Before proceeding, it may be worth noting the structure Paul indicates and employs in verses 4-10. Verses 4-7a contain the repeated term “in.” In verses 7b-8a, Paul employs the term “by.” And finally, in verses 8b-10 Paul uses the form, “as … yet” There are then three separate categories. The “in” list of verses 4-7a is a listing of the various forms of suffering which Paul and his fellow-apostles have endured, as well as the godly character they evidence in their adversity:
“In” much endurance: 43
“In” (godly character):
The “by” of verses 7b-8a enumerates the various means by which the gospel is proclaimed and practiced by the apostles:
In the final structural device (“as … yet”), Paul describes the popular perception of the apostles by unbelievers, contrasting it with the true perception of their standing and status in Christ:44
yet behold we live
yet not put to death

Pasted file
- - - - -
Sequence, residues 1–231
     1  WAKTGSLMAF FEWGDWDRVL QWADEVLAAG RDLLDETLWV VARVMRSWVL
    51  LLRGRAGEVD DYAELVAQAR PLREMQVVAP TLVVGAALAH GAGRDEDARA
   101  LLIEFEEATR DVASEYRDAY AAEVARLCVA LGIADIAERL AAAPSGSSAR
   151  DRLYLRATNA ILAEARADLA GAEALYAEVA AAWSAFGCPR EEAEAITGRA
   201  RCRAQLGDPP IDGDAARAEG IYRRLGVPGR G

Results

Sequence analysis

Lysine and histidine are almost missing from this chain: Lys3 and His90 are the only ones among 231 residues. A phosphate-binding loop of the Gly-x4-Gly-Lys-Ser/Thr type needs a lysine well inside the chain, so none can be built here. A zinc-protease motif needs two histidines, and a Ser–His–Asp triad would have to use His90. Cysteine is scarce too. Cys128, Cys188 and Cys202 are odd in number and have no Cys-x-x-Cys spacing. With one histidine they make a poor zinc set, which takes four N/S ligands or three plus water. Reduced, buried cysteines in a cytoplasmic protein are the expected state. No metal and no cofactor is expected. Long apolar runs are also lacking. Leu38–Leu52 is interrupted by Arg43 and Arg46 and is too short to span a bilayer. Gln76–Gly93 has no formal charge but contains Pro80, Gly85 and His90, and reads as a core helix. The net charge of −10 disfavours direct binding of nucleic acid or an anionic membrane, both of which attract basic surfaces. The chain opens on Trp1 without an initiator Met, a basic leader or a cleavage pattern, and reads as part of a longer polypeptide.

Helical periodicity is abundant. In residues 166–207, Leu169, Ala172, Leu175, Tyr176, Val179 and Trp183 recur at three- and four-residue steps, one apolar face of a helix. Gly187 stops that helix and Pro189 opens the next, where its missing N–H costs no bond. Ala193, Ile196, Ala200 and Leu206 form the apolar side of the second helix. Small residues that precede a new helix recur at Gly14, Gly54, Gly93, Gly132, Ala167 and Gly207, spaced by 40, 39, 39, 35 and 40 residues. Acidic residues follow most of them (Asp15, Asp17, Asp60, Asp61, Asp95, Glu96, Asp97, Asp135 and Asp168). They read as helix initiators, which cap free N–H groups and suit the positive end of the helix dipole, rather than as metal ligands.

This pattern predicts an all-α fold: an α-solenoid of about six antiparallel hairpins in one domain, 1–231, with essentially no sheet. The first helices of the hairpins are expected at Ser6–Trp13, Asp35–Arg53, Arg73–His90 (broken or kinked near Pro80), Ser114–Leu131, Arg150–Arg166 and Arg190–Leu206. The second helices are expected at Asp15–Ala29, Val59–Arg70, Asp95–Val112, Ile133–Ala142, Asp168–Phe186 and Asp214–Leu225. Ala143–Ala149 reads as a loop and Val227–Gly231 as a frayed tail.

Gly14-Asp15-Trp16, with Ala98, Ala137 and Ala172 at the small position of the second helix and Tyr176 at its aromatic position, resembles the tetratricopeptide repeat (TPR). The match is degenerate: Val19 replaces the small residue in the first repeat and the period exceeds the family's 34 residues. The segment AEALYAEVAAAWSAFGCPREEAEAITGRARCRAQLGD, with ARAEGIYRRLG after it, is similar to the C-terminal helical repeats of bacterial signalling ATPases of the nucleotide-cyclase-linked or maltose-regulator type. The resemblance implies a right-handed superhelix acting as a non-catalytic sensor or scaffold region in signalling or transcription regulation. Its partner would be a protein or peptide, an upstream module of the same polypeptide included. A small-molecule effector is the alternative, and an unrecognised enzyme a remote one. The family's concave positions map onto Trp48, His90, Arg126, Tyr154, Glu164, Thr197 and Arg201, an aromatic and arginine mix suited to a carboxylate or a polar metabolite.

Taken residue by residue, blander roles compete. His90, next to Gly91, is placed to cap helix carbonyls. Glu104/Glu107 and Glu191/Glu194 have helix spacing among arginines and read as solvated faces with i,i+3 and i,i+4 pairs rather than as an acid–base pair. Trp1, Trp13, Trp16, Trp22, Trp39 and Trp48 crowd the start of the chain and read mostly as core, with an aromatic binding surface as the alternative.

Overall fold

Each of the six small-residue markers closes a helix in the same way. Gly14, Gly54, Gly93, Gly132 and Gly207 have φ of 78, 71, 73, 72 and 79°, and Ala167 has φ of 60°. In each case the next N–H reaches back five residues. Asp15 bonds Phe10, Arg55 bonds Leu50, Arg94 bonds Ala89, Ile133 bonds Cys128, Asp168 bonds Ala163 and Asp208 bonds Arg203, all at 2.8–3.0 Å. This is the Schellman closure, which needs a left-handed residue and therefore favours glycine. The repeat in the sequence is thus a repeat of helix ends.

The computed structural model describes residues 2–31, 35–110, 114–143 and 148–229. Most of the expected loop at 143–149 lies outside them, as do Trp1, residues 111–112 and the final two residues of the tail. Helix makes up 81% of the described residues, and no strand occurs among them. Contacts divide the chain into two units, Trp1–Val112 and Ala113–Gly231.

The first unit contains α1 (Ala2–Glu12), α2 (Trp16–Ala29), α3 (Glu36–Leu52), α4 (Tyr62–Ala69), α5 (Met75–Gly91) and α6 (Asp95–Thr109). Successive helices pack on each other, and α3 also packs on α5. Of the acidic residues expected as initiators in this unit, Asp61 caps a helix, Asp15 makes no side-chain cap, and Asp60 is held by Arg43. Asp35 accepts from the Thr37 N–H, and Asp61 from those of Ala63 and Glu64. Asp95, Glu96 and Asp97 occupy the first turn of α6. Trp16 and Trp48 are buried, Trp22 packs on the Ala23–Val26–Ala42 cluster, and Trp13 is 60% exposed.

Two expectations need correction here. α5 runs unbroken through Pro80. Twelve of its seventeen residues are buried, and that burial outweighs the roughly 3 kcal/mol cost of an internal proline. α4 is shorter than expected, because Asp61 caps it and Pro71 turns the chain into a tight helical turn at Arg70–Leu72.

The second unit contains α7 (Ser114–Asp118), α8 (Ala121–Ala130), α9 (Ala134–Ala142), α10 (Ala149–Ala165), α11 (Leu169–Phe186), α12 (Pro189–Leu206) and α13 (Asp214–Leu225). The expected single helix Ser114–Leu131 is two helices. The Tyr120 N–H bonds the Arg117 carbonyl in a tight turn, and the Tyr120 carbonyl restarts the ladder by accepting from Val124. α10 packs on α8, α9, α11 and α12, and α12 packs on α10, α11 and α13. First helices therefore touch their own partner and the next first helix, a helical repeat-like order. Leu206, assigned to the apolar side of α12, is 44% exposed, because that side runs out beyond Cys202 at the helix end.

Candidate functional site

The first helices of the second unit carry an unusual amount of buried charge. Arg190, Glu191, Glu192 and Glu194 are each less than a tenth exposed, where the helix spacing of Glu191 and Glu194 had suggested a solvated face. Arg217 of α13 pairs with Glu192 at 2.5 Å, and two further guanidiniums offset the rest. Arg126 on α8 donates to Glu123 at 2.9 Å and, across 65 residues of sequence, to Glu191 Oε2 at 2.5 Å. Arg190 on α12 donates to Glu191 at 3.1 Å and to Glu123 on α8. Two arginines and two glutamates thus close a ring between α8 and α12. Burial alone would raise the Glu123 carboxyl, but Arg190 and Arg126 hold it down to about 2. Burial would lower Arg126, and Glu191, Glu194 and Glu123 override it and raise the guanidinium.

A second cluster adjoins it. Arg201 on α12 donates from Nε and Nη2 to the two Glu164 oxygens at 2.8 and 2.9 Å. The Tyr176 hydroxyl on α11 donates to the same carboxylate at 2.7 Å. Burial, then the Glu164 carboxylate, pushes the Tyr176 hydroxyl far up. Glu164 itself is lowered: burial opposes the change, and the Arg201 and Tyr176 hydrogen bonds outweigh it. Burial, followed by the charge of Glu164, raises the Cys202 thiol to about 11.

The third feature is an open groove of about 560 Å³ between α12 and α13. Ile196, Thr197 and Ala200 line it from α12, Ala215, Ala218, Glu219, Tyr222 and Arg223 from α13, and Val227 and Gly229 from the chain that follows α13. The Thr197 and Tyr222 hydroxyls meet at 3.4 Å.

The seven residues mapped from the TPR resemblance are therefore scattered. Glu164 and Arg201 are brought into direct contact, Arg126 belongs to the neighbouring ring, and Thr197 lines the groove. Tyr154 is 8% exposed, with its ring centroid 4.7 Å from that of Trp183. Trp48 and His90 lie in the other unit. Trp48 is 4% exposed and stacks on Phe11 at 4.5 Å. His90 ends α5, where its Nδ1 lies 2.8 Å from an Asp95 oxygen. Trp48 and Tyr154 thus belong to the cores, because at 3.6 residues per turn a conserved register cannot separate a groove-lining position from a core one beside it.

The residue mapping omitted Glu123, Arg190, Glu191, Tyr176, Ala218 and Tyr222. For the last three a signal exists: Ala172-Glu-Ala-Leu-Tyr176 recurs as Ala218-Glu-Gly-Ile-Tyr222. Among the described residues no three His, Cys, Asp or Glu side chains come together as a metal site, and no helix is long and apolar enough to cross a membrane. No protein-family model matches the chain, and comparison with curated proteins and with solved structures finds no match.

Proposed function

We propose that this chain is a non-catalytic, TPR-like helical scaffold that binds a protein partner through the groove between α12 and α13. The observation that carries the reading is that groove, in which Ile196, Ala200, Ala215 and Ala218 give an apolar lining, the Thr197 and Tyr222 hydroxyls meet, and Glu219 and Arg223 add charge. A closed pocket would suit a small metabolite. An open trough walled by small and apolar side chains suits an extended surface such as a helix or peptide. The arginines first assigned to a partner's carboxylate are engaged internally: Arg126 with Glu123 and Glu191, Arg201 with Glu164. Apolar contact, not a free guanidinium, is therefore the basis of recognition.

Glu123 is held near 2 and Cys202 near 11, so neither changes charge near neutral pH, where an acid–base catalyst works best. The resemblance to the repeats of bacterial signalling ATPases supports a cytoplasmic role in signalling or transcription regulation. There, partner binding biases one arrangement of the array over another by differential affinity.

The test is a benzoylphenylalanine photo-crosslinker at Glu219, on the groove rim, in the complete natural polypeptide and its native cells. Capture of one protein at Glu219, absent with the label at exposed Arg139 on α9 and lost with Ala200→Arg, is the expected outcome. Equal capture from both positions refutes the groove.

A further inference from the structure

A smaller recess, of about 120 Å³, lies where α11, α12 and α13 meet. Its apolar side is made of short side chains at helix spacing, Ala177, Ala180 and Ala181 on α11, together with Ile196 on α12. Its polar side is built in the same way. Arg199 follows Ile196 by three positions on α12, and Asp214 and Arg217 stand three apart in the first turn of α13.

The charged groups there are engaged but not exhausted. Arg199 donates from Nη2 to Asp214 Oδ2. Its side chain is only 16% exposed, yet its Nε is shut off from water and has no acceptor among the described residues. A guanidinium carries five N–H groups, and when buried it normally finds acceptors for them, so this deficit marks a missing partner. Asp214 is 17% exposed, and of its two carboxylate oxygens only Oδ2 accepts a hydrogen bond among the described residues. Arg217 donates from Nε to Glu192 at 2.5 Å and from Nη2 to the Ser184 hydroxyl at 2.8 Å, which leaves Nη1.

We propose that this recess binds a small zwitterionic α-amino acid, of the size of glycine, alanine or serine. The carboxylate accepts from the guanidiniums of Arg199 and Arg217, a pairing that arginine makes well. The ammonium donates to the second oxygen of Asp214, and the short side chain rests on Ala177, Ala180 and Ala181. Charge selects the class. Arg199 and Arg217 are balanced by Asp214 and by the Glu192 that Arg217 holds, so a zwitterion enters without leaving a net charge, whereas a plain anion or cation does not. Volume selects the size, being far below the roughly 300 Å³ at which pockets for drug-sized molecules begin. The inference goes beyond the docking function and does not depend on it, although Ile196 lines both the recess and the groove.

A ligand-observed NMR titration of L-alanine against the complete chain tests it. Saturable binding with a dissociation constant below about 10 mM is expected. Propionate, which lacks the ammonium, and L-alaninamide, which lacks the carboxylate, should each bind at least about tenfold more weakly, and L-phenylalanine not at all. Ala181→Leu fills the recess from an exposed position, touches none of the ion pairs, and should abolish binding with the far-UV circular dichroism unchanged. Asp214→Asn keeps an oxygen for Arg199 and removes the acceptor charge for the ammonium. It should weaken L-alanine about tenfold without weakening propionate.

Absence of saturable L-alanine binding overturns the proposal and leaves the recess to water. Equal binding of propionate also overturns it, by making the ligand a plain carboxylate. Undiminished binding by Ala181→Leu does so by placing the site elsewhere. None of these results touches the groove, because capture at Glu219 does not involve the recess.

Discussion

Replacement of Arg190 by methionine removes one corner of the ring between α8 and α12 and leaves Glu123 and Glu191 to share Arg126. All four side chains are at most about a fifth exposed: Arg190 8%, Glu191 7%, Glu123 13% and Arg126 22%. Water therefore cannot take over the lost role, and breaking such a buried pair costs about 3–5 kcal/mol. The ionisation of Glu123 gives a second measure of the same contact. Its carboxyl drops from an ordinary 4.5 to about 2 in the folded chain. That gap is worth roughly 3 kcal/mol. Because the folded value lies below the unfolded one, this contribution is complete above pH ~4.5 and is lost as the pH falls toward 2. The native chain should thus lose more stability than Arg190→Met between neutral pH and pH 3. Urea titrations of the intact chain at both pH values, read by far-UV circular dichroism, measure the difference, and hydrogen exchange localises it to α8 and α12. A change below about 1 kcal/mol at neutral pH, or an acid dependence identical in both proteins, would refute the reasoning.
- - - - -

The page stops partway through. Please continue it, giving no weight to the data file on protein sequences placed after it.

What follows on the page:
yet always rejoicing
yet making many rich
as having nothing
yet possessing all things
We have already seen that authentic apostles are those who have suffered Christ’s rejection and persecution, while the false apostles avoid suffering and persecution like the plague. False apostles are intent upon experiencing the “good life” for themselves and using it as bait for those whom they would lead astray. It is not enough for one just to suffer; an authentic apostle (as well as an authentic Christian) must suffer for the right reasons, and they must suffer in the right way. This is a point which Peter forcefully spells out in his first epistle: